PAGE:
Michelle Amor

After losing my beloved grandmother in 2009, I decided life was way too short to be unhappy. So, in 2010, I quit my “good” job and convinced my husband to do the same and we drove our kids and all our worldly possessions 2000+ miles from Chicago to L.A. so I could pursue my dream of becoming a screenwriter and professor full-time. It was the best decision of my life.
In April of this year, I sold my third TV show, APEX, a one-hour sci-fi, to CBS Television Studios. In October 2020, I sold my second TV show, SUGAR MAMAS, a single-cam comedy, to CBS Television Studios. In March of 2020, I sold my first TV show, THE HONORABLE to BET/ViacomCBS. It first sold to the CBS Network in November 2019. Co-created with Everybody Hates Chris’s Ali LeRoi, the political drama is produced by Dr. Phil’s Stage 29 Productions and CBS Television Studios. Previously, I co-wrote the feature film PLAYIN’ FOR LOVE, directed by and starring Robert Townsend (Five Heartbeats), Salli Richardson-Whitfield (Family Law), and Jenifer Lewis (Black-Ish), as well as wrote the feature film OF BOYS & MEN starring Academy® Award-nominated actress Angela Bassett (Black Panther) and Robert Townsend. I also co-produced and co-wrote the documentary feature film TUPAC SHAKUR: BEFORE I WAKE and have had my work optioned by Academy® Award-nominated director Lee Daniels as well as developed projects with Academy®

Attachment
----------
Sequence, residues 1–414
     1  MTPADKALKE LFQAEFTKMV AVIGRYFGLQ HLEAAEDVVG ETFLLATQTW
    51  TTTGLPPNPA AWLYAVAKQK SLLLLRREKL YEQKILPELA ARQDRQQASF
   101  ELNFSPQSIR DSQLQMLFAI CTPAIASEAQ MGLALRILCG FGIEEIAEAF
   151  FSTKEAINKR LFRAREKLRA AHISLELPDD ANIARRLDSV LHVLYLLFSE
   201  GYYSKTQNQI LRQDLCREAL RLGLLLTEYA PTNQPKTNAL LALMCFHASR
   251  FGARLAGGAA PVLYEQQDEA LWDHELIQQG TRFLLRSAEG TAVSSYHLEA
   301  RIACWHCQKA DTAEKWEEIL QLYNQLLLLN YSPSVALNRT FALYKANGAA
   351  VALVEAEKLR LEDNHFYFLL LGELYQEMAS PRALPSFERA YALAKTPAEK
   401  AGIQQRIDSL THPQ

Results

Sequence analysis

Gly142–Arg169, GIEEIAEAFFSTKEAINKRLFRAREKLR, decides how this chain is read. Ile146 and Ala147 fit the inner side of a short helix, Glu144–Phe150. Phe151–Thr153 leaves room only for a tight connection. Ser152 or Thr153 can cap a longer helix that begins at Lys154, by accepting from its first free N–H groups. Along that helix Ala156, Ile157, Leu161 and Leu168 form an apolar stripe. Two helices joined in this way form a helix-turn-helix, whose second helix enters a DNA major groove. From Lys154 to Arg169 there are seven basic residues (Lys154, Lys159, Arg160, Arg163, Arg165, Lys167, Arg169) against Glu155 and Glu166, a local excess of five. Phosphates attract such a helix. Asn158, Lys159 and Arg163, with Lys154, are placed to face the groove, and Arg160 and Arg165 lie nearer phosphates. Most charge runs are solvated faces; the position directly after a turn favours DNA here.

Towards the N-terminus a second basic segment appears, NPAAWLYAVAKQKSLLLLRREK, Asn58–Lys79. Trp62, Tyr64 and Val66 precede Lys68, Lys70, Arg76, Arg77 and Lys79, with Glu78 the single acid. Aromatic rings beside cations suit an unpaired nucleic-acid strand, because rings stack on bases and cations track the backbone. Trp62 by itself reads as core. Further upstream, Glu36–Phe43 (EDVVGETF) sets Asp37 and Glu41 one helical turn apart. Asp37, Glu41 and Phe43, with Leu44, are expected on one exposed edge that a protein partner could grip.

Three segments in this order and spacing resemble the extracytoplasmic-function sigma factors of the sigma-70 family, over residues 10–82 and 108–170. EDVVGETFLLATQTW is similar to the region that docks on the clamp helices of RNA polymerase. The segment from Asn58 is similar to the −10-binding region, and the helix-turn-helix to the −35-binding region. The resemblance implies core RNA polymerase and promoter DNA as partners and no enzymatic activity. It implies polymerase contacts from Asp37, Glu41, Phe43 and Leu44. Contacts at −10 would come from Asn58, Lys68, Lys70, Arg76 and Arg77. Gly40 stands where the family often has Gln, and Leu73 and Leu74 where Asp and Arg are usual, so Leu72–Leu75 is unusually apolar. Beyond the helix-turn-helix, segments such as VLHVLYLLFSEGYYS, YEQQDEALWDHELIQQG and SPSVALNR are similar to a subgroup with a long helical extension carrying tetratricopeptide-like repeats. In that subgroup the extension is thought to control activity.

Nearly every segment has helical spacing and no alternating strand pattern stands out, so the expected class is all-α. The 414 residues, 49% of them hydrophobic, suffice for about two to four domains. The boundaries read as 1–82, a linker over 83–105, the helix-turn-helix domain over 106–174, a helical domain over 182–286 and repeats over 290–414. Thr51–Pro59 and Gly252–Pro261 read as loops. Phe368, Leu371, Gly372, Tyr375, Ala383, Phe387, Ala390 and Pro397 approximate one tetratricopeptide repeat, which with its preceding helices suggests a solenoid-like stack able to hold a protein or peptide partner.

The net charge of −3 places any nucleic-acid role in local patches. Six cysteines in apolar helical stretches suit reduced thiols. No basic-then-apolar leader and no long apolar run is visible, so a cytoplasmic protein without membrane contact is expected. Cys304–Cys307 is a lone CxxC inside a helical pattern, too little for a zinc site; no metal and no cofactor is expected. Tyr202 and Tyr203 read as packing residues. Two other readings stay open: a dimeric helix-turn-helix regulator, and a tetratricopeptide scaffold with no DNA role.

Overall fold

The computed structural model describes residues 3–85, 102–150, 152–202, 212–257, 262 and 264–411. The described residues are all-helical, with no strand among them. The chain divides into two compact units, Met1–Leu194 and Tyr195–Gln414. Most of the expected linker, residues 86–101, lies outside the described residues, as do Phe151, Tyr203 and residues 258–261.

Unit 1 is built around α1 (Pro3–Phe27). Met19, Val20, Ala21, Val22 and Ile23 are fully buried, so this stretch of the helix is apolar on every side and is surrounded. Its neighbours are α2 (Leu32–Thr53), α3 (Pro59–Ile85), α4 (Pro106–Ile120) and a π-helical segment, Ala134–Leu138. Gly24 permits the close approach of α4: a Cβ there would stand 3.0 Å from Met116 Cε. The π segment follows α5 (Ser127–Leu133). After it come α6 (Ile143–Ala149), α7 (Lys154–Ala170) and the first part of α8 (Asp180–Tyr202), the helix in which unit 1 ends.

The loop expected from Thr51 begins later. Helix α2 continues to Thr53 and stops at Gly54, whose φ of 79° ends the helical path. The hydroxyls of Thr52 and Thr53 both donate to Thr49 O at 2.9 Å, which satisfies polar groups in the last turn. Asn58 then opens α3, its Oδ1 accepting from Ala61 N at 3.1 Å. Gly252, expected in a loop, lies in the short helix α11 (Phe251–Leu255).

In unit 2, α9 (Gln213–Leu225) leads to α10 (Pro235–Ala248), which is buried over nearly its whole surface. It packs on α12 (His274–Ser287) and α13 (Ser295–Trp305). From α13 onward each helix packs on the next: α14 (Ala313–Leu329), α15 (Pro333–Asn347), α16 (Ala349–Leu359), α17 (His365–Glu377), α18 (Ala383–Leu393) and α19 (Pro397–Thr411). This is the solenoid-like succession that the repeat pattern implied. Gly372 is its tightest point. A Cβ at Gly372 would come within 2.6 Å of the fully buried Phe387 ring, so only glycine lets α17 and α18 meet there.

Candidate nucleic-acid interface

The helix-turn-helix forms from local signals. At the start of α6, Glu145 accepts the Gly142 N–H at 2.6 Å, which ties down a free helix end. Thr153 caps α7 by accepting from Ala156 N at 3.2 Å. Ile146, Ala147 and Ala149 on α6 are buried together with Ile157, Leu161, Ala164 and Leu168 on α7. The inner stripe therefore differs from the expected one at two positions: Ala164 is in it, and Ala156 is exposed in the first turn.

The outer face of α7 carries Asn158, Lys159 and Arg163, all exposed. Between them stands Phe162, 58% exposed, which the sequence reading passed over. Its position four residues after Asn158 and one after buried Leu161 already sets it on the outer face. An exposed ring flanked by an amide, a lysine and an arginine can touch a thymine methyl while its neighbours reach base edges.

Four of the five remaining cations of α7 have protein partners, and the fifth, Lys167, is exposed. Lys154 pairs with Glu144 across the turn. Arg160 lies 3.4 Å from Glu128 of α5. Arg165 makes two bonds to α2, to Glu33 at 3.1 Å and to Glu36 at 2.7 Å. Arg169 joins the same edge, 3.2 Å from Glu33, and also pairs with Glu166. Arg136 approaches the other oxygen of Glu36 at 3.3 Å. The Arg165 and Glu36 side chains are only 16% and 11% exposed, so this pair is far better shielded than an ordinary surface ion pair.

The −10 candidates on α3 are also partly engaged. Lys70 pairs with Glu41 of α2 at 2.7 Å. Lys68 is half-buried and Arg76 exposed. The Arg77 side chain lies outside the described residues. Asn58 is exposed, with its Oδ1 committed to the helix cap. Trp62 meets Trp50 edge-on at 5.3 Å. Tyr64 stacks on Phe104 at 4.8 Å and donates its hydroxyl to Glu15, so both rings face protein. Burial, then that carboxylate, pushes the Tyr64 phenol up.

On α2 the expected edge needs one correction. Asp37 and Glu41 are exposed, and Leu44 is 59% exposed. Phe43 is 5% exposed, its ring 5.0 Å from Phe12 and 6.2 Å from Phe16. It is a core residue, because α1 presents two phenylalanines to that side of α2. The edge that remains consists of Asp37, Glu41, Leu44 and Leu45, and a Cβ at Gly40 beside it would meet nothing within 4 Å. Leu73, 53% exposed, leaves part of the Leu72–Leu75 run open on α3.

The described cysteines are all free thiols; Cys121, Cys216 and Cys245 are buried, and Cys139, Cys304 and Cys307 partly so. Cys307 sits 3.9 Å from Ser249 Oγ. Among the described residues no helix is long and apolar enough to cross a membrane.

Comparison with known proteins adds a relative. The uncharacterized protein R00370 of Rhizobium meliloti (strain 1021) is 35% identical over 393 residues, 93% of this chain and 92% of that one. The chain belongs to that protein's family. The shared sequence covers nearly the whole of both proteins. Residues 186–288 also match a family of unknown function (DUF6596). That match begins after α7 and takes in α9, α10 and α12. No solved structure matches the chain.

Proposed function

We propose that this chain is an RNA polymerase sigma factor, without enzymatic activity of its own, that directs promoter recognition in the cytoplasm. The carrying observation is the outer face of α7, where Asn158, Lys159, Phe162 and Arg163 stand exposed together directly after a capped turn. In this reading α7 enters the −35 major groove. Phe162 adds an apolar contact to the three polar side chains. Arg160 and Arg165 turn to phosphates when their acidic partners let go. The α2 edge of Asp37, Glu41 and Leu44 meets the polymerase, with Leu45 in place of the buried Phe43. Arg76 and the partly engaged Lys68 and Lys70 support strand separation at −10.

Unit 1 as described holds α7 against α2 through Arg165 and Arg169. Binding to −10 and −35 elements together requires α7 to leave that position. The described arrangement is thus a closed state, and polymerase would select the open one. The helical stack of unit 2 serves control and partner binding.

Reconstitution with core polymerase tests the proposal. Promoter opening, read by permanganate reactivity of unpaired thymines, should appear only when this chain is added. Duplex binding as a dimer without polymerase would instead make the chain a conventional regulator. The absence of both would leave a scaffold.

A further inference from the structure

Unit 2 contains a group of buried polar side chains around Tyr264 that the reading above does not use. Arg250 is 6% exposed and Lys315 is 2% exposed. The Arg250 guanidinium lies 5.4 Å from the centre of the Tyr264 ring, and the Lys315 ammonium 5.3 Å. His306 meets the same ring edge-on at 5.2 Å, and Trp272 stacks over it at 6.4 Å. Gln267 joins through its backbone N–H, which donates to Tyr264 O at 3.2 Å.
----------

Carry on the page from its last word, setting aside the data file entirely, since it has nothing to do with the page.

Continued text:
Award-winning producer Al Ruddy (The Godfather, Million Dollar Baby).
A proud and active member of the Writers Guild of America West (WGAW), I am currently serving my fourth elected term as co-chair of the Committee of Black Writers (CBW), whose mission is to empower, increase visibility, and create career and networking opportunities for Black writers in Hollywood. In June 2020, I co-penned an open letter titled Dear Hollywood addressing systemic racism that went viral. It was featured in numerous publications, including the LA Times, Washington Post, Forbes, THR, Deadline, and Variety and I’m currently shopping a book deal titled Dear Hollywood: Black Writers’ Unapologetic Demand for Systemic Change.